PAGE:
Challenge Problems

This page collects challenge problems that have been posed in cs2102.

By solving a challenge problem, you earn the glory and admiration of your classmates and the course staff (and maybe even the whole Internet if your solution is clever enough!). If that’s not enough, you also are rewarded “bonus points” (the number varies at the discretion of the teacher, but typically a value from about ½ to a full problem set (or even more).

You can submit a candidate answer for a challenge problem by sending me a Direct Message in Slack, or sending an email with subject line “Challenge Solution”.

# Open Challenges

**Challenge 8.** From Class 20: Prove that the
Huntington-Hill Method used to apportional seats in the US Congress
satisfies the quota property when used for a sets of states where
each state has population at least *D* (where *D* is defined as the
total country population divided by the number of representatives).
The quota property states that each state receives either the floor
of its population / *D* or one more than that delegates.

**Challenge 2.** From Class 3: It is trivial to show that
numbers in Java or C are not we-ordered, but quite challenging to show
this for Python. Write a Python program that demonstrates the fact
that integers in Python are not well-ordered. (Note: although I’m
continuing to list this as a “open challenge”, I don’t think there
will be a satisfactory solution. It is not enough to show a Python
program running out of memory trying to represent a large number, or
to show that `math.inf`

is not really infinity (obviously), but a
satisfactory solution would need to show some well accepted arithmetic
property being violated by the way arithmetic works on integers in
Python.)

```
import sys
a = sys.float_info.max
assert (a + 1 == a)
```

# Closed Challenges

(Challenges are not ever really “closed”, in the sense that if you can come up with a substantially better solution than the one posted, it is possible to win a closed challenge. The meaning of a “closed” challenge is that I believe there has been a winning solution, and that it is unlikely for someone to find a substantially better one.)

**Challenge 1.** From Class 2: I wasn’t very satisfied with
my proof of the “Odd-Even Lemma” in class. I hope a student will come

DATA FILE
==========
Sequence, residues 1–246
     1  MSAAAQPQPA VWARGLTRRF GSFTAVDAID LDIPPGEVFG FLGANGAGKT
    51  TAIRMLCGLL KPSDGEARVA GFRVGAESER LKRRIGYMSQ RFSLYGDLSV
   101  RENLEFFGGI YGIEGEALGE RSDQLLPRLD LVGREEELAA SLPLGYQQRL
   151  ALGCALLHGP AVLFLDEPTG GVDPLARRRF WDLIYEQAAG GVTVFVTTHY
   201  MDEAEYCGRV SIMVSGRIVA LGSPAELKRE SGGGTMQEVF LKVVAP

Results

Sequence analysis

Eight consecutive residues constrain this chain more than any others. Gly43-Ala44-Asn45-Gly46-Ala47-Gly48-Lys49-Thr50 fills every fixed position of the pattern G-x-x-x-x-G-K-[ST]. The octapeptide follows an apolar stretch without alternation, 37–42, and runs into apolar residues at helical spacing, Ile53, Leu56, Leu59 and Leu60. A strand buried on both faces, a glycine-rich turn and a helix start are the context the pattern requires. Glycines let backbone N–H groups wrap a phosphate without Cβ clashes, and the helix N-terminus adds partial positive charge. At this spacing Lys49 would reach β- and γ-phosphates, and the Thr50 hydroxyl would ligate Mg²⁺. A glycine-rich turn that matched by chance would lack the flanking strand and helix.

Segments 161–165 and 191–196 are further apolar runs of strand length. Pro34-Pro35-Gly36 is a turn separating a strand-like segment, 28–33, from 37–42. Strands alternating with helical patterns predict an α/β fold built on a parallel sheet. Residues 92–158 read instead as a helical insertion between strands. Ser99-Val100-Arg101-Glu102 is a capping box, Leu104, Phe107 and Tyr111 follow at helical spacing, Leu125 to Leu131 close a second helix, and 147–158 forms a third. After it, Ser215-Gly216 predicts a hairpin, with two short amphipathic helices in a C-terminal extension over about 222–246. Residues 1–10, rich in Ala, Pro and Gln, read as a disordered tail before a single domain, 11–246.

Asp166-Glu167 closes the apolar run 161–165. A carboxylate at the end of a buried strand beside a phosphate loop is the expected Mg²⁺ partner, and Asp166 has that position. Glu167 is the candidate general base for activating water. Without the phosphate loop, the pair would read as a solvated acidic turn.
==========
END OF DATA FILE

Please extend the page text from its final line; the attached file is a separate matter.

up with a better proof. Come up with a proof that passes the
“skeptical reader” test and would convince someone with no prior
knowledge of odd and even numbers.

- John Fry’s solution using the well-ordering principle
- Paul Sander’s solution using a game proof (although most game-style proofs are not so entertaingly written as Pauls, using a game to prove something is a very common strategy, especially in security and cryptography proofs.)
- Avi Parikh’s solution using proof by contradiction

**Challenge 3.** (From Class 8) Apparently, people were not entirely convinced by my
proof sketch in class that the egg came before the chicken. So, we’ll
make it a challenge problem to write the best proof that answers the
question of “which came first, the chicken or the egg?” (That is, you
can either prove the egg came first, or prove the chicken came first).
A convincing proof would need to include clear definitions of “chicken”
and “egg”, and use inference rules, as well as axioms based on
biological assumptions (clearly stated), to make an irrefutable argument
supporting your position.

**Challenge 4.** (From Class 9) How many self-inverting relations, *R*: *N*_{k} → *N*_{k}, are there? (Where *N*_{k} is the set of all non-negative integers less than *k*, and a relation is self-inverting if *R* = *R*^{-1}.)

**Challenge 5.** (From PS3 Solutions) Prove that the four-clause solution given for question 6 is the shortest possible equivalent 3CNF formula.

**Challenge 6.** (From PS3 Solutions) Provide a full and convincing proof for Problem 11.

**Challenge 7.** From Class19: Determine the carinality of
the set of all *Tree* objects (as defined on PS8), and provide a convincing
proof supporting your answer.